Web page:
MT: At a time where it basically, there’s a sort of like double grieving happening. 

The Nocturnists: We are strong.

MT: Especially for black health care workers. 

The Nocturnists: We are creative.

MT: It came almost kind of like a respite, like, you know, like a source of, like, joy.

The Nocturnists: With all the pain and all the things that make it heavy, I have yet to meet someone who would trade it, who would trade being Black, and it’s good to love who you are, right?

MT: It made me happy to the point where I had tears rolling down by the time the episode was over.

AP: Max says this series was really just a chance to recharge, a chance for him to catch his breath. 

The Nocturnitsts has wrapped its Black Voices in Health Care series, but continues to deliver first-person stories from medical providers on the front lines. 

DG: Thanks, Parrella. 

We’ll be right back with more 2020 picks, but a quick word. 

As we talk about all the great health care journalism from this year, I want to talk about the work we’ve done at Tradeoffs.  

We’ve talked about mergers, drug prices, systemic inequities and COVID.

We think these are valuable stories to tell, and clearly you do too. 

Because that’s what you are telling us.

Julie Stone: My name is Julie Stone. There is not a single episode where there isn’t a takeaway for me.

DG: Julie’s been working in health care for 35 years

JS: Health care is so unbelievably broken in our country, and I believe Tradeoffs is one of several influential platforms to educate, inform and impact future discussions. And that’s the reason I support the podcast.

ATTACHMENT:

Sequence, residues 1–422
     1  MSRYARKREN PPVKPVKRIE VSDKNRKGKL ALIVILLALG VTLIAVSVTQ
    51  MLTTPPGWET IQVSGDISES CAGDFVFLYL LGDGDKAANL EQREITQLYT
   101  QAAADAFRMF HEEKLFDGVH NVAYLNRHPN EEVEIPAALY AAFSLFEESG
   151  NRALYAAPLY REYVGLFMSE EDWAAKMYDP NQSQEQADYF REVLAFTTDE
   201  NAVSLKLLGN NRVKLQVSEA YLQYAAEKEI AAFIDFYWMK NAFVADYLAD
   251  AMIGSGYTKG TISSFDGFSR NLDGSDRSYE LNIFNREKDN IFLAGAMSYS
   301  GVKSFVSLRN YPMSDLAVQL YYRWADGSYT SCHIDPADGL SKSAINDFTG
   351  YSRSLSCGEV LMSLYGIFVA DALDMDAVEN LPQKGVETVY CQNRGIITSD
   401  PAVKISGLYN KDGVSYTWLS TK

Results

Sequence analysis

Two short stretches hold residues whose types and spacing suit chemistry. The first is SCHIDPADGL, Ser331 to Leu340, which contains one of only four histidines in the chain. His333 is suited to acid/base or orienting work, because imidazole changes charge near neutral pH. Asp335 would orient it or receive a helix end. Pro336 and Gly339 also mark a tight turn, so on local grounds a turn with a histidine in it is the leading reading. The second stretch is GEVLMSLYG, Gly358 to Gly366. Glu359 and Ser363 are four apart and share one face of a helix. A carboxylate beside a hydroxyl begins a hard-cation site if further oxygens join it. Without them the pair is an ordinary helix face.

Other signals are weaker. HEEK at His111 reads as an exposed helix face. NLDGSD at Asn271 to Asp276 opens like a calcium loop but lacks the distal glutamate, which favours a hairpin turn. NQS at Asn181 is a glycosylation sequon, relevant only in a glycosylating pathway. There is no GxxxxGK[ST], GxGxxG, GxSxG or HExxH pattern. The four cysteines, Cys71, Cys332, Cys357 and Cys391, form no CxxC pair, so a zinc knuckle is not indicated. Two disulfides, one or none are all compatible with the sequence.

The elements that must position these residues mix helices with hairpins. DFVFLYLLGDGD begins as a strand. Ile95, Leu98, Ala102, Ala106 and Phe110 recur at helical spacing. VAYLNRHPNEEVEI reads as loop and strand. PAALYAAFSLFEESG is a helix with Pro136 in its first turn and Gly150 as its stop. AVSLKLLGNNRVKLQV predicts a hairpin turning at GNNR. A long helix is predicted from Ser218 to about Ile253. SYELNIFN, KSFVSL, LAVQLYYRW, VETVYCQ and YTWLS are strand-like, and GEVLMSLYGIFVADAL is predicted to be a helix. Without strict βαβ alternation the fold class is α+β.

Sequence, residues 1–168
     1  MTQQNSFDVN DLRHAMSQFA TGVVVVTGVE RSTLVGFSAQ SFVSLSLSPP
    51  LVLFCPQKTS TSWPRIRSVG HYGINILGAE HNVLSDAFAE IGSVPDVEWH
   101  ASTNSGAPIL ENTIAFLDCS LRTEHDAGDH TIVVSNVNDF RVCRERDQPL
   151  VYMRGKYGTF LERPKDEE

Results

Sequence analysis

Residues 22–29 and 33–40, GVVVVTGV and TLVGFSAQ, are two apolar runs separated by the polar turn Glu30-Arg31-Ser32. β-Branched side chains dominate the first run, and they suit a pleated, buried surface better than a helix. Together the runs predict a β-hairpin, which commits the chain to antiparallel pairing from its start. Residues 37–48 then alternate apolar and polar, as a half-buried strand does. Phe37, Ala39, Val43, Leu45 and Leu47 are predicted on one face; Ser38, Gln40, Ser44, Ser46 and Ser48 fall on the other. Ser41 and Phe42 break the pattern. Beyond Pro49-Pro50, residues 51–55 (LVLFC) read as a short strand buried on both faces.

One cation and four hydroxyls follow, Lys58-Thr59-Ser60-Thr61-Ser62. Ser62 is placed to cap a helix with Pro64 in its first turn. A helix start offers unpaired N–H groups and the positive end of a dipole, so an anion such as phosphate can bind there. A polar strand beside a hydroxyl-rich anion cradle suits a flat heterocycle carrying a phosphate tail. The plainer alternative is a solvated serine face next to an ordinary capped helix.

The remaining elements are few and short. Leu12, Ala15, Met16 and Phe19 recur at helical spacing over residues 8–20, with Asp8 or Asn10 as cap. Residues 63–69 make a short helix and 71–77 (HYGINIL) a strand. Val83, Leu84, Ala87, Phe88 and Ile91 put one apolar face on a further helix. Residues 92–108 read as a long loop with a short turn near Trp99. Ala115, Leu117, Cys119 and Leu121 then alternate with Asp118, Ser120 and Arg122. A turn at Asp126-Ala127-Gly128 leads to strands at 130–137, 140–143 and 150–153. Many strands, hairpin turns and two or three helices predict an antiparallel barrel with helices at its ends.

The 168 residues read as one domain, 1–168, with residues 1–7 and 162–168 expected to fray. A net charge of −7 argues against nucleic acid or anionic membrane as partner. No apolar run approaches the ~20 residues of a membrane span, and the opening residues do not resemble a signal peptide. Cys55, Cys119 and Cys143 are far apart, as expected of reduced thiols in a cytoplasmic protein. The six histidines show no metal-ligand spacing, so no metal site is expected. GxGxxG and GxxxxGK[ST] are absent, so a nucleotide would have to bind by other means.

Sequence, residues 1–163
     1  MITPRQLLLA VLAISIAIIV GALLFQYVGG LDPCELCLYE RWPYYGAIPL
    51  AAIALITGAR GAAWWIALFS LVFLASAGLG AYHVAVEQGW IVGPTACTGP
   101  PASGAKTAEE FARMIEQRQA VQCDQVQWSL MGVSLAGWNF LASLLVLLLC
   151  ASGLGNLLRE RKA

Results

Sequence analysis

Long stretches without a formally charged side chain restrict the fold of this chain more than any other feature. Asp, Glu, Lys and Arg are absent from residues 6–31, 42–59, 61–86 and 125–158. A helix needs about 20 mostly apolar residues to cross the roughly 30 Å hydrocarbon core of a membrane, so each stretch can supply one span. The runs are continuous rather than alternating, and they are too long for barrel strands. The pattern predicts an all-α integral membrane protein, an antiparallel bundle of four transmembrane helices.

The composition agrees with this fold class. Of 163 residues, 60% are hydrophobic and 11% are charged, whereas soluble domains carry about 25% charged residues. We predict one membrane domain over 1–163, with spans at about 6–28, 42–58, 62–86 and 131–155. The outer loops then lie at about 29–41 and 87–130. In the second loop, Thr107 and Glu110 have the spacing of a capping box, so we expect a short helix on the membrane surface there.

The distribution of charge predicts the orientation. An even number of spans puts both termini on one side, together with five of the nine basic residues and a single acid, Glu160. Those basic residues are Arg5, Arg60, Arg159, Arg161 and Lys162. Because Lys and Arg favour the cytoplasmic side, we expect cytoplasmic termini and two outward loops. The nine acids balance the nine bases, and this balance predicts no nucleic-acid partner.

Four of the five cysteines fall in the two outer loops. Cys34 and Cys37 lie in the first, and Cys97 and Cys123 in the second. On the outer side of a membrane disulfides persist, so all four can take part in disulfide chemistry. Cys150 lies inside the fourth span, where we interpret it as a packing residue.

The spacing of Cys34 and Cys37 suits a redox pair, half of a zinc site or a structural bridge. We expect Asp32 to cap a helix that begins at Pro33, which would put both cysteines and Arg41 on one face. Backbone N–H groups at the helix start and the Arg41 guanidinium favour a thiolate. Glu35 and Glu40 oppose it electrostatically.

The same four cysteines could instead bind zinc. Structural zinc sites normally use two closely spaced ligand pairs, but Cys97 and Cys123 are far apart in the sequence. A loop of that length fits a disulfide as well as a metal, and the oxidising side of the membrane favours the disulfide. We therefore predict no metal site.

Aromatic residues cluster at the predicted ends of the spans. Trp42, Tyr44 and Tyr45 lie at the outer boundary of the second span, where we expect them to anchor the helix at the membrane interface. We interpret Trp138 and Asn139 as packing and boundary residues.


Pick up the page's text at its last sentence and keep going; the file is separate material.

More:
DG: When you contribute to Tradeoffs, you’re supporting more than a podcast. You’re helping create a conversation that shapes health care decisions. 

And since we know there’s nothing hotter in health care right now than value, your gift is matched dollar for dollar by the Institute for Nonprofit News. 

Make yours now at

And thanks. 


DG: Ok, we’re back, wrapping up 2020 with a look at some of the great health care podcasts over this difficult, sometimes traumatic, important year.

Helping us do that is producer Andrew Parrella.

AP: And I’ve got one more for you Dan from Alex Olgin, host of the podcast Gist HealthCare Daily. As the name suggests, their purview is…

Alex Olgin: …health care business and policy news headlines. 

AP: Alex’s pick — not a “health care” podcast, but one most of us have heard of: Planet Money.

Planet Money: The story involves the anthrax scare and an undisclosed number of secret government chickens.

DG: Chickens, Parrella! Seriously? I’m still recovering from the minks. 

AP: Afraid so, partner. We’ve got a medical menagerie here today. In the episode Alex is talking about, they were focussing on the vaccine, even way back in March.

AO: They were talking about how there’s not really a market for emergency vaccines and drugs because a lot of times pandemics go pretty quickly. And so drug companies don’t want to spend lots of money and betting on a market that may not exist in, you know, several months or a year plus. And one thing I found fascinating was they talked about how the government creates flu vaccines. 

Planet Money: It is a shockingly fragile, delicate, expensive process involving chicken eggs.

AO: And they have to have tons and tons of eggs.

Planet Money: And hens only lay one egg a day, so you need thousands of chickens working around the clock for their one egg. And then those eggs report for work, straight from a farm to a pharmaceutical company.

AO: And so the government contracts with all these chicken farmers all over the country. It’s like a top national security thing where these are undisclosed locations and government chickens, and they’re having all these eggs reserved.